Now let me reminisce for awhile on an old job that I used to have. I was spoiled outright. And the blame rests solely on this shady boss who lived in Las Vegas and ran the whole operation. I think back and out of all my 4 years as a dutiful employee for this man, this enigma of voice and wallet behind the bank card that I was given, and of those frolicsome years, I had never face-to-face met the man. I knew he was a business man. And from his voice resonating on the other side of the company cell phone, I knew him to be a direct, shrewd businessman who doesn’t waste words nor time on anything. He had the stereotypical choleric nature. Something that bordered on the verge of being feudal and chief-like, though lordly and protective. Early on, I discovered that he was a native of New York City, I think, Brooklyn. He had that shell-like hardball edge to him. Sometimes talked as though he was yelling out of a taxi. And this one deep, deep fact…He was more Irish than half the bumbling barflies you’d ever meet in a pub in Dublin or Cork, even.

All this left me with the sense that I was part of something much deeper than I could understand. Though, I never cared to probe. I never asked questions , I wasn’t supposed to. I didn’t chew the gristle, so to speak, I merely did my job. Calling stores and traveling to them . He would call me…maybe once a month, maybe not. That was the overall supervision I had. I lived free. I worked when I wanted and played much more when I didn’t want to work. It was an ideal job for a gypsy with issues in sloth and without any ties to a lady or a child or both. I wandered the Deep South. -Was this national company’s representative of that area of the US. Sometimes roaming down backroads where chicken trucks were the norm. Sometimes, wandering through the remnants of Dixie’s old cities, decaying next to the river…a Memphis or a New Orleans. Usually always heedful of the state trooper’s flashing lights. I was Huck Finn falling off the raft into strange tributaries.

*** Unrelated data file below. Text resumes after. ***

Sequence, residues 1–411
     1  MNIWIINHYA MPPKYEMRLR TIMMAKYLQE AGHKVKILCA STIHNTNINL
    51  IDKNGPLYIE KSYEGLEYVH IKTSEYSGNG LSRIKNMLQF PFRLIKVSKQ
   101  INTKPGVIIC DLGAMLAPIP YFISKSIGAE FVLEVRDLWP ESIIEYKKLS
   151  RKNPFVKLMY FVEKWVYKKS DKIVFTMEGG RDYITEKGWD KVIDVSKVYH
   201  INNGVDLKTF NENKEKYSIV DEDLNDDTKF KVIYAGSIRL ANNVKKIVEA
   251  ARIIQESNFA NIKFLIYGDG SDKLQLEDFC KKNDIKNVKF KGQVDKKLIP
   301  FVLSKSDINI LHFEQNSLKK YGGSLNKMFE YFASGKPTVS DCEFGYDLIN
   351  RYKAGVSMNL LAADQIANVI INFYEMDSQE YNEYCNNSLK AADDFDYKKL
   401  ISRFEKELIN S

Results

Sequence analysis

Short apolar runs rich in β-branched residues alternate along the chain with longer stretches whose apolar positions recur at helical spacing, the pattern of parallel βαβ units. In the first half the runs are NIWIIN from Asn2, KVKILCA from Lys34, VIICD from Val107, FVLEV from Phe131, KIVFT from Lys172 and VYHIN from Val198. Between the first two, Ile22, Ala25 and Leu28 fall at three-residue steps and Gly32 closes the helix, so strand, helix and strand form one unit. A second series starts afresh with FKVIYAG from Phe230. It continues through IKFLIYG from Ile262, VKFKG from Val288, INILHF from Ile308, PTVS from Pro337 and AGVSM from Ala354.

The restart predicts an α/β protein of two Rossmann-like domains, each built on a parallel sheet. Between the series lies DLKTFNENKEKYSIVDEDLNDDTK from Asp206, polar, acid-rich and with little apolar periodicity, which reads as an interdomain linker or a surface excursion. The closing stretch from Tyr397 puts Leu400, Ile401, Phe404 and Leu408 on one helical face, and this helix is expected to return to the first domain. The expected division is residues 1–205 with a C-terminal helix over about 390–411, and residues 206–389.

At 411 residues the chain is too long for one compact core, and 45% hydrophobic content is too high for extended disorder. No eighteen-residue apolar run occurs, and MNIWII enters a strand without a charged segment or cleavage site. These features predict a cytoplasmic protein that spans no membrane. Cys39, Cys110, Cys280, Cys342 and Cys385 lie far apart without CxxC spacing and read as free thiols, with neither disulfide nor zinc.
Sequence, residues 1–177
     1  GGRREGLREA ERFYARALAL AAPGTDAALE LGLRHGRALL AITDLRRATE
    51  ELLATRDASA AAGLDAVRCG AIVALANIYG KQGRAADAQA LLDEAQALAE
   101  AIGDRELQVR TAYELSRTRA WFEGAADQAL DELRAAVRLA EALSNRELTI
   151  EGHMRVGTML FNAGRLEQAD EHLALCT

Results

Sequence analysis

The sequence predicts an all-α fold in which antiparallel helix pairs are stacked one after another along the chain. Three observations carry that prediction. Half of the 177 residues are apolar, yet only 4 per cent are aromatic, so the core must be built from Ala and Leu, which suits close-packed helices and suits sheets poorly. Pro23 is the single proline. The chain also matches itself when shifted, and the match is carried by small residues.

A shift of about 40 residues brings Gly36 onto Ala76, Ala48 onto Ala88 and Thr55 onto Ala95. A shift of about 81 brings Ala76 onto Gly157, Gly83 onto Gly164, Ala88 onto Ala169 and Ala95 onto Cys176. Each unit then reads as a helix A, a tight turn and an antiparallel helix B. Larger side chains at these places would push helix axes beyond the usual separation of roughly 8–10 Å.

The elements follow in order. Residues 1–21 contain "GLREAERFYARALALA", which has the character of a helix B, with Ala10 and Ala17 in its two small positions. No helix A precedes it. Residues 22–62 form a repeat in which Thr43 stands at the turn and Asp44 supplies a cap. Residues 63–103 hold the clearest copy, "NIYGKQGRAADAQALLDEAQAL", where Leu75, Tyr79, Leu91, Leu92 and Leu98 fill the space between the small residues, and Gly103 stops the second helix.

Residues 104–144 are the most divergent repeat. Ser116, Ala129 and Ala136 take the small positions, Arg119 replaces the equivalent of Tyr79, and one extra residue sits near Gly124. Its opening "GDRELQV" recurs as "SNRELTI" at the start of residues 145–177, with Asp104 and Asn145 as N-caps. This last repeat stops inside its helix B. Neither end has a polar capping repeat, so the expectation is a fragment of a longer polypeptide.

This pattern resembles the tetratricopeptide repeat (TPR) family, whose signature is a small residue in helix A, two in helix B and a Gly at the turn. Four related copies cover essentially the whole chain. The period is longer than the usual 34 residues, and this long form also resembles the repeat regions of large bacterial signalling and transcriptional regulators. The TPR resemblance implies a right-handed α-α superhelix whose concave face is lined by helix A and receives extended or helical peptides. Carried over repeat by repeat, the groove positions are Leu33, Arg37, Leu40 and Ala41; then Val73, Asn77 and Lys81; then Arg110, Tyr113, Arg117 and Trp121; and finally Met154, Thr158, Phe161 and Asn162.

We grow up thinking that there is such a thing called a “real world” where the structures and life vehicles that hold our parents and grandparents the same must hold us. Even in my current life now, I often hear people talking about a “real world” (whatever they mean by that), as though being a teacher in Korea is not real enough. This job, I held before, was a fantastical dream if one thinks that teaching in Korea is not a job. And yet, it was my first “real” job after the University.

Somehow throughout all the commencement speeches during graduation, throughout all the rallying of motivational education, and the long, arduous slog of toil and yawndom, through papers and textbooks, someone forgot to tell me that in the future it was both physically and economically possible to have a job that allows you to sleep in til 11 everyday. And this I did, well, maybe not every single day, but it certainly had got into a habit.
I make no pretenses. I try not to pretend what I can never be. I will admit, just in case you have made the mistake in assuming me to be one…but, I am not a snob of ambition. A snob of free time? Why, Yes,...of leisure, of tomfoolery and horseplay….with these I turn my nose, (fairly easy when it is resting on a pillow,) up at the rest of the productive world. And instead of going about my business, I aptly forge ahead with all various "businesses" and curiosities and adventures in the world. Seeing, thinking, experiencing alot. But not getting alot done. Some people call it procrastination. I term it motivational brainstorming or just plain soul-searching.